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Techie Homes | Booker T. Washington, founder, and chief executive officer of South Park Cottages located in College Park, Georgia, is the visionary behind the first African American developed micro-home community in the U.S.

Starting his minority real estate development career in 2017, Booker has developed, fixed, and flipped, single-family new constructions and multi-unit developments within the Greater Atlanta area. His success grew into the founding of Techie Homes Inc.

Techie Homes‘s vision is to develop obtainable real estate at a value to all home buyers through innovation, technology, community, and purpose.

BLACK ENTERPRISE had the opportunity to discuss the micro home market, its impact on African Americans, and advice for real estate entrepreneurs.

How did you get your start in the tiny home development space?

Over five years ago, I began my career as a real estate investor. While working on strategies to increase the value of homes, I started building accessory dwelling units in the backyard. Being under 1,000 sq. ft., they were considered micro/tiny homes. As I continued to build micro homes for clients and other investors, I developed plans for a community concept to require local city zoning ordinances. My background working with a sustainable energy company provided solutions for sustainable and energy-efficient innovations in the homes.

What is the market outlook?

In Atlanta and other major urban cities, average home prices have soared more than 15% annually over the last couple of years. Within the micro home market, sales of homes under 1,000 sq. ft. have increased by over 60% since 2017. Of those micro home sales, over 35% own the home outright. The micro-home market provides a product for homeownership that has long been an issue for African Americans. In recent years, Black Americans have seen a decline in overall net worth and homeownership, although homeownership has declined overall in Atlanta from its high in 2000 to 2010 of 75%. The pandemic has highlighted the necessity of space, cost, and abundant living in unconventional forms. Techie Homes provides a product that can be affordable in urban markets in the high 100s to mid 200s price point.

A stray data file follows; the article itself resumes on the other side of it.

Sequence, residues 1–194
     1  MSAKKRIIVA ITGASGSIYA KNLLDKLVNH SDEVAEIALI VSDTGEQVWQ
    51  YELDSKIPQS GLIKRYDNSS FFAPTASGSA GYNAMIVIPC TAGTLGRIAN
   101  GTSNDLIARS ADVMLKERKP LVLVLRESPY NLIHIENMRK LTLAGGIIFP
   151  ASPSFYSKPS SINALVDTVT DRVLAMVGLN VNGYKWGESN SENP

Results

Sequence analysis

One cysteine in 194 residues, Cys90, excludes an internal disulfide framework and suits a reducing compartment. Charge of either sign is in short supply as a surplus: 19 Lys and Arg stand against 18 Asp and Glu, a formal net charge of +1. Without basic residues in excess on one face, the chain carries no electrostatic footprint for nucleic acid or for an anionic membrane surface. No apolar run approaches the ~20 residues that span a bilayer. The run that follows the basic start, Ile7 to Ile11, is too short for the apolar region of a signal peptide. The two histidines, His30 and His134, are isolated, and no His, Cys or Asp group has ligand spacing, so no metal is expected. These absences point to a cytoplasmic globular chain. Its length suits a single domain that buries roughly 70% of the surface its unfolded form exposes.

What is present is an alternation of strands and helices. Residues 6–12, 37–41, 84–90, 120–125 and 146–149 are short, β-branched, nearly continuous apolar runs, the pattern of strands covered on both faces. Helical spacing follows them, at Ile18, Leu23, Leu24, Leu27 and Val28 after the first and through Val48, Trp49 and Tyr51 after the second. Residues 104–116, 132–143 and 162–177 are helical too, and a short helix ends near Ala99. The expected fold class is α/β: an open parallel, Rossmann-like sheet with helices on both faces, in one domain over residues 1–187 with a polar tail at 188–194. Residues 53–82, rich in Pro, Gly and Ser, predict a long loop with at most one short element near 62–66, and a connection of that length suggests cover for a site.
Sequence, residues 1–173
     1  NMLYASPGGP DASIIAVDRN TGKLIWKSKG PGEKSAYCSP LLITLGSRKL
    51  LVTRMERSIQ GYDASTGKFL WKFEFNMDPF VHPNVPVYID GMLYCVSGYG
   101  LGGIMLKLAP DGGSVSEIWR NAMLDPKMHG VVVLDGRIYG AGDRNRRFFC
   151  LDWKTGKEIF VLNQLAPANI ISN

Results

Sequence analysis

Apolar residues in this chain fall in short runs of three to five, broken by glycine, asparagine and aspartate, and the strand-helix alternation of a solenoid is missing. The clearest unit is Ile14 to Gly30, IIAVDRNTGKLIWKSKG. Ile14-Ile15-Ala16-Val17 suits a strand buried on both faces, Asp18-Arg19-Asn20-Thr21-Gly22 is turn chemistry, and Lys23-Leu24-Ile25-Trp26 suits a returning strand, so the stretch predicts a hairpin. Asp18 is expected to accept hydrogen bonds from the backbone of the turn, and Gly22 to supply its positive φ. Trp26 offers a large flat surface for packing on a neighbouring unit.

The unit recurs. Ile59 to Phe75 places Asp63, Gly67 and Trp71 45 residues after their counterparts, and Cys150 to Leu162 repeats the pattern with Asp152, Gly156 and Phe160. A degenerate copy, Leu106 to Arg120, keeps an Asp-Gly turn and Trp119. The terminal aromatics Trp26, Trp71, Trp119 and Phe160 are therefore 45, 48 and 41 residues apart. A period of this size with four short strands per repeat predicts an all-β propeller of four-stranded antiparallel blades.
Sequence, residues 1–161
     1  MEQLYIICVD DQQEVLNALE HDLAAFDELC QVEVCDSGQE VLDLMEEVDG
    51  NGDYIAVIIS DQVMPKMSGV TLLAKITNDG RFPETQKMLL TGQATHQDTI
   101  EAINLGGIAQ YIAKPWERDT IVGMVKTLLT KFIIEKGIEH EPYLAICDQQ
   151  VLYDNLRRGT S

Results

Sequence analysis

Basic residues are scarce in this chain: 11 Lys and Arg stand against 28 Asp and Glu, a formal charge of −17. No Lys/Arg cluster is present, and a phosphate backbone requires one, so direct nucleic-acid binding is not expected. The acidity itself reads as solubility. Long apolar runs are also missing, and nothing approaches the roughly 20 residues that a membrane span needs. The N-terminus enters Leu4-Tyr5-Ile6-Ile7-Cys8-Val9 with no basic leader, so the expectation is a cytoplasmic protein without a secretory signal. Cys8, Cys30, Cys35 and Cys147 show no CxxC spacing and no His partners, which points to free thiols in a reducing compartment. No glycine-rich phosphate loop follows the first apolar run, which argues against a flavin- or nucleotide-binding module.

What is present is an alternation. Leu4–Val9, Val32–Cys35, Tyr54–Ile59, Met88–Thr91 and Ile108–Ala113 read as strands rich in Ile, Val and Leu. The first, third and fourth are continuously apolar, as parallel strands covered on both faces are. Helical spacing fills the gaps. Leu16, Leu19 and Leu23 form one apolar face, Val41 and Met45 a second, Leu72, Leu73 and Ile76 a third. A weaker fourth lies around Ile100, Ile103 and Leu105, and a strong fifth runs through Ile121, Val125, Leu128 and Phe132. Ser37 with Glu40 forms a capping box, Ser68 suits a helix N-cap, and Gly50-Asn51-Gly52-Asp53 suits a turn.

How do you see tiny homes’ impact on African Americans’ homeownership?

Micro Homes will impact African Americans due to the surge in higher prices in urban markets where most African Americans of lower incomes reside. Currently, African Americans dwell in rental apartments and smaller spaces at a higher rate. As of late 2021, while white Americans and Hispanics have seen an increase in overall homeownership (white Americans up to 74% from 72%), African Americans have seen a decline to where only 43% of African Americans own homes. That’s lower than the Hispanic homeownership rate of 50%. Micro Homes in this market allow for reverse gentrification in the urban market due to the cost of build and overall price point for prospective buyers.

Where do you see tiny home development in the five years?

Micro Homes sales have steadily increased each year since 2017. However, Techie Homes focuses on bringing Micro Homes closer to urban markets, which is different. Tiny Homes have been in more western, rural, or Midwestern markets. However, micro homes will be in demand as inflation grows, incomes slow, and job competitiveness increases as more generations of college graduates collide with older generations still in the workforce.

What advice do you have for entrepreneurs and real estate investors?

My advice to entrepreneurs and real estate investors would be to leverage collaboration to bring value to the market instead of the sole focus being on margins. The strategic focus for real estate investors to incorporate “Build to Rent,” multifamily rental density and other forms of non-homeownership, eventually cripples the market of eligible homebuyers. There is a direct impact on African Americans, given we are the largest demographic per capita that rents housing, but we densely populate urban centers. It’s a self-preservation strategy depleting the strength of African Americans in homeownership to reverse the trend.

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